Six key points from 'The Austerity Generation: the impact of a decade of cuts on families with children' | CPAG

Six key points from 'The Austerity Generation: the impact of a decade of cuts on families with children'

Published on: 
06 November 2017
Written by: 

Alison Garnham

Chief executive

Today, CPAG publishes a major new study on the impact of austerity on families with children: 'The Austerity Generation: the impact of a decade of cuts on family incomes and child poverty'.

Based on modelling by the Institute for Public Policy Research, it’s an in-depth look at the cuts to tax credits and universal credit in the 2010-2020 decade, and the impact of these cuts on incomes, poverty rates and work incentives.

Here are the key points:

1. The promise of greater rewards from work under universal credit - its organising idea - has been broken.

Universal credit (like tax credits) has been mercilessly cut by the Treasury. The universal credit system we have today isn’t the same as the one that was sold to us.

Working families in the UK stand to lose £930 a year on average from cuts in the tax credit system and £420 a year from cuts to universal credit – these are losses across the population, so the losses for tax credit and universal credit recipients would be much higher.

2. David Cameron’s single mother is a good example of how badly universal credit is failing

In 2009, in his last party conference speech before being elected as Prime Minister, David Cameron had an angry riff on tax credits leaving a single mother with two children, earning £150 a week, facing an effective tax rate of 96p (factoring in the withdrawal of benefit and additional taxes) if she worked another hour. You can watch the short clip here:

Our new report includes a lone parent with children as a model family. Earning £150 a week means working about 18.5 hours. Although universal credit reduces the effective tax rate to 74 per cent, this lone parent and her children would be £2,336 a year worse off (see box 4.2 and figure 4.10 of the report). In other words, like many others on universal credit, this family’s finances have been thrown down a deep hole with only a very short ladder thrown in to get them out of it.

3. It is almost impossible for many to make up these losses by working more hours

Freezes and cuts to universal credit work allowances will leave lone parents worse off by, on average, £710 a year, couples £250 a year (again, losses here are across the whole population – they’ll be much higher for those affected).

In order to make up the losses caused by the cut in work allowances in universal credit, for example, a full-time working couple on the so-called ‘national living wage’ would have to work 17 extra days a year.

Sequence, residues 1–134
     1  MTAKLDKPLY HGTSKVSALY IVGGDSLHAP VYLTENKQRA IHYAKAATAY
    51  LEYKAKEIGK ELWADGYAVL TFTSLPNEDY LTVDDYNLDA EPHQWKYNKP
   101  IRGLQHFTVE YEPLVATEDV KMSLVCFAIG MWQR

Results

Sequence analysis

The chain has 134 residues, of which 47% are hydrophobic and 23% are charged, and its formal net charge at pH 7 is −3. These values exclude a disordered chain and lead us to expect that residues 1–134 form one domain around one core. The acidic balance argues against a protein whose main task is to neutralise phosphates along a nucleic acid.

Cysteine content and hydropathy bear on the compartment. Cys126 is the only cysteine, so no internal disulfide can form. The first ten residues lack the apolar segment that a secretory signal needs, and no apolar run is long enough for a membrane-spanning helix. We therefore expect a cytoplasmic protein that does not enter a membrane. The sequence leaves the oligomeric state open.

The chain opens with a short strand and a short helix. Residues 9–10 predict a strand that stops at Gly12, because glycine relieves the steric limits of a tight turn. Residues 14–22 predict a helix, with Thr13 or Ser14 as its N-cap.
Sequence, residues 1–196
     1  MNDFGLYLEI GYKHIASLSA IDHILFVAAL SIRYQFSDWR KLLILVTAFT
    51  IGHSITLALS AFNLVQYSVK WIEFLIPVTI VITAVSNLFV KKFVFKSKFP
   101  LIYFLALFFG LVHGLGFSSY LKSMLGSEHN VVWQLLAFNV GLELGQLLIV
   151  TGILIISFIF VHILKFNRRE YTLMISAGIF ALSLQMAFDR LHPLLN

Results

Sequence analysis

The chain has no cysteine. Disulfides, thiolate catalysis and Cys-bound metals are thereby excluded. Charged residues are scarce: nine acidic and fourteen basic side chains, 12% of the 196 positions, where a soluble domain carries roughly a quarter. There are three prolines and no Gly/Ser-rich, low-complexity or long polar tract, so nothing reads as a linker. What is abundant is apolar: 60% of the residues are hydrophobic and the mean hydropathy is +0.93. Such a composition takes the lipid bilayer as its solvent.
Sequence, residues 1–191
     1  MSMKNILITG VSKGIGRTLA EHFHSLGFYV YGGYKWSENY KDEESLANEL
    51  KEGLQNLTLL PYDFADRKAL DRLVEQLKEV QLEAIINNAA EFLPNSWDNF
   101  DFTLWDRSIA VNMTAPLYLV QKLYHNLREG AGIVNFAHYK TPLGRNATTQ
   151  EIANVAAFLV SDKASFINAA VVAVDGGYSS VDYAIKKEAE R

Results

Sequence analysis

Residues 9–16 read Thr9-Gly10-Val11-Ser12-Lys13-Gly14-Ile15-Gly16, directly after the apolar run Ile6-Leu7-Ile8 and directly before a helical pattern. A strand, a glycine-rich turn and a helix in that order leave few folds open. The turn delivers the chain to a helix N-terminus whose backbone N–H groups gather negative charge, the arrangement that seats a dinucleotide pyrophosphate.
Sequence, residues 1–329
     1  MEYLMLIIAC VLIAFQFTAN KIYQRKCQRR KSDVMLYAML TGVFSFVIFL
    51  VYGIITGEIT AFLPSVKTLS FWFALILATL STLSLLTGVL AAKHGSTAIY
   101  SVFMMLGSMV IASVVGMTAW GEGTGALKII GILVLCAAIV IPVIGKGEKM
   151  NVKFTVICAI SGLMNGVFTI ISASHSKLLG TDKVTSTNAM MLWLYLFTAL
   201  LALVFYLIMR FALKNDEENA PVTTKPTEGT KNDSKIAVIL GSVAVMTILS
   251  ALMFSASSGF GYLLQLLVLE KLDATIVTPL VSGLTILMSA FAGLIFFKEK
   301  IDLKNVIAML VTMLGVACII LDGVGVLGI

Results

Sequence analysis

A lone parent already working full time for the ‘national living wage’ would have to work 41 extra days a year to recoup their loss – equivalent to a fourteen month year. In any case, working extra days will depend on family responsibilities and whether it’s actually possible to increase your hours at work.

4. Families already at greater risk of poverty will lose most

The poorest 10 per cent will lose 10 per cent of their income (£450 a year) on average compared with what was promised by universal credit.

For larger families, cuts to universal credit mean the average family with three children will be 10 per cent (£2,540 a year) worse off, and the average family with four or more children 19 per cent (£5,000 a year) worse off due to universal credit cuts.

Cuts to universal credit mean families containing someone with a disability will be £300 a year worse off; families containing someone with a severe disability will be £530 a year worse off.

5. We’re creating an austerity generation

Since 2010, rather than investing in our children, government policy has been creating an Austerity Generation whose childhoods and life chances will be scarred by a decade of political decisions to stop protecting their living standards.

A major study by the LSE found poorer children have worse cognitive, social-behavioural and health outcomes because they are poor, and not just because poverty is correlated with other household and parental characteristics.

Our study today estimates that the cuts to universal credit would put 1,000,000 children in poverty and 900,000 in severe poverty by the end of the decade (assuming it was fully rolled-out by then).

6. Universal credit needs a full-scale rescue mission

This month’s Budget is an opportunity for the Chancellor to mount a full-scale rescue mission for universal credit. CPAG was the first to sound the alarm about the 6 week wait for universal credit, so progress on that would be very welcome, but this report makes it clear that the problems are more fundamental - the whole point of universal credit is being undermined.

The Chancellor should use this month’s Budget to:

  • Restore work allowances - the income level at which universal credit starts to be withdrawn. This would benefit all working families by an average of £150 a year – so those on universal credit would benefit by much more than this figure.
  • Triple-lock child benefit and the child element of universal credit: this would be the single most effective intervention to reduce child poverty (it would reduce numbers by 600,000).